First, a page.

Mahila of Madhya Pradesh in northern India had charged two persons of her village with sexually assaulting her, back in January 1993.
The complainant, however, retracted during her cross-examination and denied making the charges against the two. She also denied having registered any complaint against them in the first place.
The trial court acquitted the men but initiated perjury proceedings and convicted her to three months imprisonment.
The Madhya Pradesh High Court agreed with the sentencing, against which the woman preferred an appeal in the apex court. But no relief came her way.
Justice Arijit Pasayat and Justice P Sathasivam ruled: "Courts should strive harder to tackle the evil of perjury. It has assumed alarming proportions in cases depending on oral evidence and in order to deal with the menace effectively, it is desirable for the courts to use the provision more effectively and frequently."
The Bench said it empathised with the two men, saying they had to "face the ignominy of a trial for a serious offence like rape". "Their acquittal may, to a certain extent, have washed away the stigma, but that is not enough," the judges added.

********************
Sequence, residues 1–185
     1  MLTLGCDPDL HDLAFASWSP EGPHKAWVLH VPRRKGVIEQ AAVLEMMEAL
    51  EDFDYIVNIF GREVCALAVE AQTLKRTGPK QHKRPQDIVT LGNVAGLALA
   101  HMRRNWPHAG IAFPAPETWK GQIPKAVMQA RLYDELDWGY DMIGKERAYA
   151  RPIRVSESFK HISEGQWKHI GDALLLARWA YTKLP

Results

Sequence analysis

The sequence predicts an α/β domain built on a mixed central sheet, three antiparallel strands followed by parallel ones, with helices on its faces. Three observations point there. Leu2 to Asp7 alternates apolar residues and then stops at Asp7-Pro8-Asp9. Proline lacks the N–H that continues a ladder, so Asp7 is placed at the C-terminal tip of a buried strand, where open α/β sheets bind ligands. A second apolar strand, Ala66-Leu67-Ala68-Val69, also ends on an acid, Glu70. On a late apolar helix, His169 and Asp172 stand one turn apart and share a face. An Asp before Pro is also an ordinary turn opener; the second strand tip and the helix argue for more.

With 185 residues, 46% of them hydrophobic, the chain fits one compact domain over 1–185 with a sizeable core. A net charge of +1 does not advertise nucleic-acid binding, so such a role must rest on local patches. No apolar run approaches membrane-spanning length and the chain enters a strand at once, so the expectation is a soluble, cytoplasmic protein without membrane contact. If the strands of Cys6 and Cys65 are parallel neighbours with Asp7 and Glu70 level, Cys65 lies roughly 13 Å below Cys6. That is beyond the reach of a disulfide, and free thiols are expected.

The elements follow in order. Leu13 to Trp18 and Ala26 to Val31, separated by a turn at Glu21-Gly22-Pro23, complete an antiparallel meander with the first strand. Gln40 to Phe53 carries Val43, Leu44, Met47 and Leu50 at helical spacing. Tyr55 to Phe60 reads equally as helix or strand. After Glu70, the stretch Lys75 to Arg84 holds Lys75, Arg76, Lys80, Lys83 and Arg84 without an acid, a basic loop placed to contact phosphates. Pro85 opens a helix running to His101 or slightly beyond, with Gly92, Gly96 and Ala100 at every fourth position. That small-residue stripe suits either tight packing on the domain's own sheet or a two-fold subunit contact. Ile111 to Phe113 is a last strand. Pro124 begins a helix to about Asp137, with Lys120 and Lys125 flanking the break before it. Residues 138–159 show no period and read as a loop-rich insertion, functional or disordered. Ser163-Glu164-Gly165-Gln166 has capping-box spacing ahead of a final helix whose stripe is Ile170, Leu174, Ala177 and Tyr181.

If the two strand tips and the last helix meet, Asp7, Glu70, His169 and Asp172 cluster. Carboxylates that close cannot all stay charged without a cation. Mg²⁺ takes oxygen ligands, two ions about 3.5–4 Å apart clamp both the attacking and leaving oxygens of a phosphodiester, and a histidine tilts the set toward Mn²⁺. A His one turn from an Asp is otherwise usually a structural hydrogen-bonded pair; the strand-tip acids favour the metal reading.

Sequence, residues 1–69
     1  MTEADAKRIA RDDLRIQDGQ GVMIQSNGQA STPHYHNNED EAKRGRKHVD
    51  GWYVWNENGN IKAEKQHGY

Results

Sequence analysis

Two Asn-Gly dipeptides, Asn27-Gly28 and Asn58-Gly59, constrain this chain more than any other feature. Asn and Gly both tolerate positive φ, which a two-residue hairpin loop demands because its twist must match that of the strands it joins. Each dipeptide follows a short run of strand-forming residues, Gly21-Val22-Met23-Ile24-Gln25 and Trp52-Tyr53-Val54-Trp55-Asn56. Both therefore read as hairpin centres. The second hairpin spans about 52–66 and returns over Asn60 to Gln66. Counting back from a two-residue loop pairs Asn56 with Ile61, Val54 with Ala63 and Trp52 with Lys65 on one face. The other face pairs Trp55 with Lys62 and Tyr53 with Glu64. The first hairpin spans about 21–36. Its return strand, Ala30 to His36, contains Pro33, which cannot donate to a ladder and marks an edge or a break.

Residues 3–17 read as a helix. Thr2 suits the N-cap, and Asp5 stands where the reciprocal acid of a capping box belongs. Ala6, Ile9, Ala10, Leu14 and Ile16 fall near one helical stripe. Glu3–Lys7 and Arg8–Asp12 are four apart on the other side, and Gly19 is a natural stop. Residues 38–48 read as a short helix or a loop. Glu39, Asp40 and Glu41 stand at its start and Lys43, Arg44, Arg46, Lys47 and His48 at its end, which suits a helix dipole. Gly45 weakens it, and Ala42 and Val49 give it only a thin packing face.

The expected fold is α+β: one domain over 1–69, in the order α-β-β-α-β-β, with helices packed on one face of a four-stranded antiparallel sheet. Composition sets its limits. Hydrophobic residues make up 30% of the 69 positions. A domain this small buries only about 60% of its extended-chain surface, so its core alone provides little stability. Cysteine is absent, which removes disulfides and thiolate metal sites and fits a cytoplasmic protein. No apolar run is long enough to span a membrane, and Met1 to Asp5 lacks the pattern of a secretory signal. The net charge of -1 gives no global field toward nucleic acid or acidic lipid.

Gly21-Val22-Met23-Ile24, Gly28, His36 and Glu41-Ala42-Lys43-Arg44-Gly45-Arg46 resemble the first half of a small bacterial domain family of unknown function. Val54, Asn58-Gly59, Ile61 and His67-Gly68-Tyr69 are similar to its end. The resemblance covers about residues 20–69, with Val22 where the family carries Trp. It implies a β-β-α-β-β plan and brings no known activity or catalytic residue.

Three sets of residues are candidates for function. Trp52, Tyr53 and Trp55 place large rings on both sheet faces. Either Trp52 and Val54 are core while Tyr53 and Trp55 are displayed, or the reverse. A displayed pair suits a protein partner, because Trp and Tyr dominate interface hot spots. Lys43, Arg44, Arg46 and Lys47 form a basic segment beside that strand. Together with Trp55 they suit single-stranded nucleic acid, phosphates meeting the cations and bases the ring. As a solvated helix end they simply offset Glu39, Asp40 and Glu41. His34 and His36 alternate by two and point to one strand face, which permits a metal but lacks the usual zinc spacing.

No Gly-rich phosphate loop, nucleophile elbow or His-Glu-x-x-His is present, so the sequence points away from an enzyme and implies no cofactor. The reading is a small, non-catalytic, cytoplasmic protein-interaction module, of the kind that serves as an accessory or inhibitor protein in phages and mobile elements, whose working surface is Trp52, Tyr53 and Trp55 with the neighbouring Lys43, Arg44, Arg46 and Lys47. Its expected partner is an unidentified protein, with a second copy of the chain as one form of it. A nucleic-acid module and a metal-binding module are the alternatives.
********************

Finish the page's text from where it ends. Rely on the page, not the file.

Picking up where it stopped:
But activists say while it is one thing to punish those guilty of perjury, the courts should also take note of the helplessness of the poor and the vulnerable in Indian society.
8Almost a similar thing happened during the trial relating to an arson incident in the riots that rocked Gujarat in 2002. Zahira Sheikh who kept changing her testimony was sent to prison for a year by the Supreme court, but those who had induced or forced her into doing so got away scot-free.